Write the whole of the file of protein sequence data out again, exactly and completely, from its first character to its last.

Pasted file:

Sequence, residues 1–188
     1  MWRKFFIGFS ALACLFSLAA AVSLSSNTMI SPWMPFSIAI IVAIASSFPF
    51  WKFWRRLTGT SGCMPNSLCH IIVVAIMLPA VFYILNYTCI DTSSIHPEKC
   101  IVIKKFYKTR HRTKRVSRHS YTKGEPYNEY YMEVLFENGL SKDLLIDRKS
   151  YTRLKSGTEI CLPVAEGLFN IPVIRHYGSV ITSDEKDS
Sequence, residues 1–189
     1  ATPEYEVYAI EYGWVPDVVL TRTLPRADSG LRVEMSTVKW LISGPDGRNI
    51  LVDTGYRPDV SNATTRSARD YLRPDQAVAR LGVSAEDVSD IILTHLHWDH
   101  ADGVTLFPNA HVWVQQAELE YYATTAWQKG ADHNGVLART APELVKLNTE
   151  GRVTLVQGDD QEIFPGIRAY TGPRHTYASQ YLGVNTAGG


Sequence, residues 1–188
     1  MWRKFFIGFS ALACLFSLAA AVSLSSNTMI SPWMPFSIAI IVAIASSFPF
    51  WKFWRRLTGT SGCMPNSLCH IIVVAIMLPA VFYILNYTCI DTSSIHPEKC
   101  IVIKKFYKTR HRTKRVSRHS YTKGEPYNEY YMEVLFENGL SKDLLIDRKS
   151  YTRLKSGTEI CLPVAEGLFN IPVIRHYGSV ITSDEKDS
Sequence, residues 1–189
     1  ATPEYEVYAI EYGWVPDVVL TRTLPRADSG LRVEMSTVKW LISGPDGRNI
    51  LVDTGYRPDV SNATTRSARD YLRPDQAVAR LGVSAEDVSD IILTHLHWDH
   101  ADGVTLFPNA HVWVQQAELE YYATTAWQKG ADHNGVLART APELVKLNTE
   151  GRVTLVQGDD QEIFPGIRAY TGPRHTYASQ YLGVNTAGG